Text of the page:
NewsHour essayist Anne Taylor Fleming shares some thoughts about rehabilitation following addiction and its effects on families.
Read the Full Transcript
ANNE TAYLOR FLEMING, NewsHour Essayist:
They are proliferating up here in the lovely and expensive hills of Malibu, residential rehab centers, I'm talking about. With names like Promises, and Passages, and Renaissance Malibu, they are protected by gates and unlisted addresses.
They offer a well-heeled and often famous clientele a luxurious place to stare down the demons of alcohol and drug addiction while staring out at the luminous Pacific. The young pop star, Britney Spears, had her tabloid- chronicled, 28-day, $48,000 stay in Promises, this glamorous spa-like facility, complete with massage therapists, elegant sheets, and gourmet food.
There seems to be a veritable trail of celebrities signing on for a now-trendy stint in one of these high-end places, often after a very public fall from grace.
Think Mel Gibson after his arrest and racist chatter, or other high-profilers who confessed to being powerless over alcohol, like Congressman Mark Foley and San Francisco Mayor Gavin Newsom. Then, it's on to Oprah or Barbara Walters to tender an apology for bad behavior and complete the disgrace-to-redemption cycle.
It is easy to be a little cheeky about all this — and hard not to be, at least a little — given the vast majority of people who couldn't possibly afford this kind of detox deluxe. Currently, addiction affects 22.2 million Americans, but only 10 percent of them get any kind of treatment at all.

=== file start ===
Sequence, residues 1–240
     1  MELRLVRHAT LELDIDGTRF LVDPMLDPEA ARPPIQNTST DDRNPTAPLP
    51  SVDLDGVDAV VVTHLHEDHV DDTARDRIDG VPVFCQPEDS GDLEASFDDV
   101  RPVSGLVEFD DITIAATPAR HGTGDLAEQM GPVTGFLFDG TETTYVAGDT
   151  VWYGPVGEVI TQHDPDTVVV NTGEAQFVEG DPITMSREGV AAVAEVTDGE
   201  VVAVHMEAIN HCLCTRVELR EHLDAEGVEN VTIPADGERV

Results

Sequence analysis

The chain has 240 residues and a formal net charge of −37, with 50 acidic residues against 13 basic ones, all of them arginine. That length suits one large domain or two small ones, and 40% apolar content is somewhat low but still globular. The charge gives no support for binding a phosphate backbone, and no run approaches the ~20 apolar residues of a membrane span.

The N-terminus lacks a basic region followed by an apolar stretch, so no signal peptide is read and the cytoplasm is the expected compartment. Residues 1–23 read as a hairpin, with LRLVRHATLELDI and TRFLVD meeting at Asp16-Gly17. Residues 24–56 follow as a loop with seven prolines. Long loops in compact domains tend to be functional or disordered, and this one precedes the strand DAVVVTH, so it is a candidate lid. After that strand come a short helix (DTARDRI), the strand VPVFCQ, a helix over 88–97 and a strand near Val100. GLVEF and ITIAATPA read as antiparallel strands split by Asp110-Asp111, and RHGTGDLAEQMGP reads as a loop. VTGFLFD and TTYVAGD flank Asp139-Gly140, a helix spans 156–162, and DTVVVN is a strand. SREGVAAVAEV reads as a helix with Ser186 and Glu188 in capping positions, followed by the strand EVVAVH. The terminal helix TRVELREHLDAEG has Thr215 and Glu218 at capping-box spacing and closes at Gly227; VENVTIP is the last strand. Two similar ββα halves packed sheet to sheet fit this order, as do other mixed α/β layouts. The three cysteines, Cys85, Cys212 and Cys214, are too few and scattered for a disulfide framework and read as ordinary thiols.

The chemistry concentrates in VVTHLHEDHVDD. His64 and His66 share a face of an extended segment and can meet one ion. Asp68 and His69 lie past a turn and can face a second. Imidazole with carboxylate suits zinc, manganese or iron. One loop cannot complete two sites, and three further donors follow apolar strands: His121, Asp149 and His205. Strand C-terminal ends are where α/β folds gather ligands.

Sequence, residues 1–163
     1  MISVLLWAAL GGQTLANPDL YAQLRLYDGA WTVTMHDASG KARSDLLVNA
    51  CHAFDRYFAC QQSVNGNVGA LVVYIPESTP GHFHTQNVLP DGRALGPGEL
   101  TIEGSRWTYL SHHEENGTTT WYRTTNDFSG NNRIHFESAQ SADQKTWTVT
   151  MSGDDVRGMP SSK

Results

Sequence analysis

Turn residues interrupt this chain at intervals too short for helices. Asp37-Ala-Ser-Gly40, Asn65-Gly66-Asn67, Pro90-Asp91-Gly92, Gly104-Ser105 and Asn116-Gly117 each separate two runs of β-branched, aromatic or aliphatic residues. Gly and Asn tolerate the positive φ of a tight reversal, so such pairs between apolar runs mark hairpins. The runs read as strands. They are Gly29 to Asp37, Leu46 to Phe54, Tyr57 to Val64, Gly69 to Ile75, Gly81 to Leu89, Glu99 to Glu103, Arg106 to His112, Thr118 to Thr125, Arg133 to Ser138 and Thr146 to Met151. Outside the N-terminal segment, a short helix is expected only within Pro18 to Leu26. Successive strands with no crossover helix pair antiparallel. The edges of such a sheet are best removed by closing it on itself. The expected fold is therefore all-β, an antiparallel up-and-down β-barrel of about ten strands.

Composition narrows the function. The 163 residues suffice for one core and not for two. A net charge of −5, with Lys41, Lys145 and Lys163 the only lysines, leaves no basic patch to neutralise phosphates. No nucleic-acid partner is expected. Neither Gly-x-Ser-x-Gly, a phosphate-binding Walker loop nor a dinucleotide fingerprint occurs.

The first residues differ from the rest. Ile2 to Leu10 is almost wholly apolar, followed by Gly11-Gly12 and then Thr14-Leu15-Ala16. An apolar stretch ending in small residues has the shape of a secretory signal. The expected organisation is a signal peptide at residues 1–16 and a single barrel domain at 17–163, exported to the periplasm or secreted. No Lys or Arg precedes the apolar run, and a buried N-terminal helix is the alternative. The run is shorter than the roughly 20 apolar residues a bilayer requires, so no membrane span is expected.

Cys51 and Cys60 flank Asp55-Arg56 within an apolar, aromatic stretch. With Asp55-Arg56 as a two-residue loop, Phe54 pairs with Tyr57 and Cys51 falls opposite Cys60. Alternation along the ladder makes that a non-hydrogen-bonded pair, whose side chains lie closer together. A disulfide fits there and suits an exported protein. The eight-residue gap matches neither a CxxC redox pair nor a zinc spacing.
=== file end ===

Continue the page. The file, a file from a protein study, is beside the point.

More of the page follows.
Of the roughly 2.2 million prisoners in this country, at least half are alcohol- or drug-dependent and will be released back into society addiction intact. But even among the treated, whether they've gotten their help in prison or in an AA meeting in a church basement, or in Malibu's lap of luxury, the relapse rate is huge. Only about 20 percent of first-time rehabbers will stay clean and sober for a year.
Addiction is daunting, as any of us know who have watched a loved one battle fiercely against it. It is understood now as an insidious disease with genetic, biochemical and behavioral factors, a fancy way of saying it seems to be a thing deep in, a craving of mind and body, a habit of self-anesthetizing that is extremely difficult to break and extremely easy to fall back into once broken.
The pharmaceutical companies are trying very hard to come up with a magic pill, but, meanwhile, one in four Americans must watch a family member struggle with addiction, and that is not an easy thing to do. There is so much wreckage.
That goes for the celebrities, too, and their families. They might start on the road to recovery up here in the opulence of Malibu, but down there it will be the same slugging, slugging, day-to-day fight to the finish, the same amends to make, the same repair work to do.
For some — Britney Spears and the other party-girl of the moment, Lindsay Lohan, who has also tried a residential rehab program — it will be plenty tough. They are still so young, so pampered, victims not just of their own party-girl appetites, but also of a celebrity worshipping culture that is, in effect, an enabler, to borrow the addiction lingo. And they and their loved ones will pay an unknown price of it for the rest of their lives.
Turned off as I have been by some of their antics, I nonetheless root for them, as I do for anybody and everybody trying to wrest themselves free of an addiction.
I'm Anne Taylor Fleming.